A generator is a device that converts mechanical energy into electrical energy. According to the concept of energy conservation, all mechanical energy that is introduced into the generator is converted into useful energy (electricity) or useless energy (primarily heat). The efficiency of a generator is based upon the ratio of useful to useless energy. As generators have grown in size and capacity through the years so has the need to improve efficiency through minimizing heat.
Hydrogen was first proposed as a cooling media for rotating electrical machinery in 1925. The first hydrogen-cooled machine, a 12.5 MVA synchronous condenser, was placed into service in 1928. Nearly a decade later, in 1937, the first hydrogen-cooled turbo generator was commission by Dayton Power and Light in Dayton, Ohio – a General Electric 31.25 MVA, 3,600 RPM unit. Coincidently, this was the very same year that the German passenger zeppelin, Hindenburg, met with its fiery demise.
So why use hydrogen to cool a generator? Despite its reputation, hydrogen gas has qualities that make it a superior heat transfer media and internal atmosphere for a generator. Hydrogen is much less dense that air. Cooling fans can move up to fourteen (14) times as much hydrogen as air using the same amount of power. Combine this with the fact that hydrogen conducts seven (7) times more heat than air. At the same time, hydrogen has a higher heat transfer coefficient; meaning it is better at picking up heat from a hot surface. Hydrogen also has approximately the same specific heat characteristic as air, since they both can carry about the same amount of heat.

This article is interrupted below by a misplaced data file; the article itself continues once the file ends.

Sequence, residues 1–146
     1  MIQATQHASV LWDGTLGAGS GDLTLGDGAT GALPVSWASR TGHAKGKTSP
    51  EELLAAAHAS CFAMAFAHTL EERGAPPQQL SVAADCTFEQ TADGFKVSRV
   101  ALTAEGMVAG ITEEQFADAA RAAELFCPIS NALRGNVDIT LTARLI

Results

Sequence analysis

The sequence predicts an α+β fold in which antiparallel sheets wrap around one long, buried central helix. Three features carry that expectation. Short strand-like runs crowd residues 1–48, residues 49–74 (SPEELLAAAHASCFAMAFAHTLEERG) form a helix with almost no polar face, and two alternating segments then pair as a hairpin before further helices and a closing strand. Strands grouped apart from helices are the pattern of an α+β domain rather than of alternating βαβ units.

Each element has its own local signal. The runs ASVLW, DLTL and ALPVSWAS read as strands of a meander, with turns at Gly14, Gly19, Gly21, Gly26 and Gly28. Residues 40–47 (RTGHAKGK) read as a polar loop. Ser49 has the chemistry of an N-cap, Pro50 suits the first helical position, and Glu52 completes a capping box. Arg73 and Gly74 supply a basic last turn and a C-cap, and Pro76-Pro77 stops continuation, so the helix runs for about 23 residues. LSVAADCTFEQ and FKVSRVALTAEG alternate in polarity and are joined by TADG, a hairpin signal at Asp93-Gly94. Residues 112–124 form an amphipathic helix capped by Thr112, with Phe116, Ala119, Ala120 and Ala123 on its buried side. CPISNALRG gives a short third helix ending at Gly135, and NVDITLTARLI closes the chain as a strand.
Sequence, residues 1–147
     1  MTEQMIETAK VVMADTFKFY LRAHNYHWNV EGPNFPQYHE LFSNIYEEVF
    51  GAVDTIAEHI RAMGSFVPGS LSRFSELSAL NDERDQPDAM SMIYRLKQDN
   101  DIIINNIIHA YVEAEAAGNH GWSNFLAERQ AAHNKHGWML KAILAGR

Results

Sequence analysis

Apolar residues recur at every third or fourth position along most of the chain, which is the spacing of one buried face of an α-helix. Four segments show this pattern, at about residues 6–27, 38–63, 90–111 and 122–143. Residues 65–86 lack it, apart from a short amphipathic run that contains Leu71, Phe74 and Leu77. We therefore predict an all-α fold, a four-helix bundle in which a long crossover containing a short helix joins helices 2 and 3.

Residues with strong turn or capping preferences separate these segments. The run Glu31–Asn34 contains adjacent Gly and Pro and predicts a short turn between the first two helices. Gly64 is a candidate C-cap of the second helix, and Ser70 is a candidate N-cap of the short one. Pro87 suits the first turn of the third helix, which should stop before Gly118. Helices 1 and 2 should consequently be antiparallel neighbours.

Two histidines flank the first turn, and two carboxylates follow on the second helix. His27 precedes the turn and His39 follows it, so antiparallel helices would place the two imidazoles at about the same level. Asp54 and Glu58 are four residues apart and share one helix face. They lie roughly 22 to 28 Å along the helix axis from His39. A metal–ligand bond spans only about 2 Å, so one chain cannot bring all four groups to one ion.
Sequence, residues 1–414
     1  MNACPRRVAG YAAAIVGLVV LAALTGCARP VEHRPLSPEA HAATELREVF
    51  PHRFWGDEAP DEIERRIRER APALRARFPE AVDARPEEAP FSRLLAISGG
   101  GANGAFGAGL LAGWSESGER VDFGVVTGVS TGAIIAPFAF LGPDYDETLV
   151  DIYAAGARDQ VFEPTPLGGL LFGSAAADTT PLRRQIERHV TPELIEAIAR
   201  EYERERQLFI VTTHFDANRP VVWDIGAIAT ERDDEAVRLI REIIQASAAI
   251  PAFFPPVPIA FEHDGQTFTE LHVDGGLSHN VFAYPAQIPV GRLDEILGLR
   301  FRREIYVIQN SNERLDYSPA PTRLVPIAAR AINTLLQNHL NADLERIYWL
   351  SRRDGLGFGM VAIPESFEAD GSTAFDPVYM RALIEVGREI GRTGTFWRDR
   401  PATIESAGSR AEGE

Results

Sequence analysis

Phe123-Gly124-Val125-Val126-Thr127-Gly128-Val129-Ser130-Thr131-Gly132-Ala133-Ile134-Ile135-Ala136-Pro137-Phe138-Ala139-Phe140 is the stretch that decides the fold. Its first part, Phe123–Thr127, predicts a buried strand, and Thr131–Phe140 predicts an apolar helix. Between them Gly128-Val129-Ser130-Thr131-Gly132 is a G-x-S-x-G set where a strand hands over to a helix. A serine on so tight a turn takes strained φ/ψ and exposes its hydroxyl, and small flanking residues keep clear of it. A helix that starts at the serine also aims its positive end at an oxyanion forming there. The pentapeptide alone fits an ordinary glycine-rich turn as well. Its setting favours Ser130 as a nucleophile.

|Properties of Hydrogen|
|Characteristic||Air||Hydrogen||What This Means|
|Density||1.00||0.07||A cooling fan can move 14 as much hydrogen as air, using the same amount of power|
|Thermal Conductivity||1.00||7.00||Hydrogen conducts heat 7 times better than air|
|Heat Transfer Coefficient From Surface To Gas||1.00||1.35||How well the medis picks up heat from a hot surface|
|Specific Heat||1.00||0.98||How much heat the media can hold|
|Support of Combustion||Yes||No||Does the gas help fire burn?|
|Oxidizing Agent||Yes||No||Does the gas support rusting?|
Hydrogen does not support combustion. It only becomes volatile when mixed with air. What makes the mixture so deadly is the breadth of its explosive range – from as little as 4-percent to as much as 74-percent. The potential energy release from a hydrogen-fueled explosion is enormous:
|Potential Energy in Hydrogen|
|One (1) standard portable cylinder||35 pounds of TNT|
|A twelve (12) pack of cylinders||420 pounds of TNT|
|One (1) standard tube trailer||5.585 pounds of TNT|
Due to the volatility of hydrogen gas, the power generation industry employs tried and true procedures for its monitoring, handling, and disposition. Fires and explosions do occur, though their frequency is miniscule in comparison to the sheer number of hydrogen-cooled generators in operation and the vast quantities of hydrogen handled on an annual basis. The positives far outnumber the negatives. Hydrogen has been an internal cooling media of choice for the last eighty years and will continue to be so for the foreseeable future.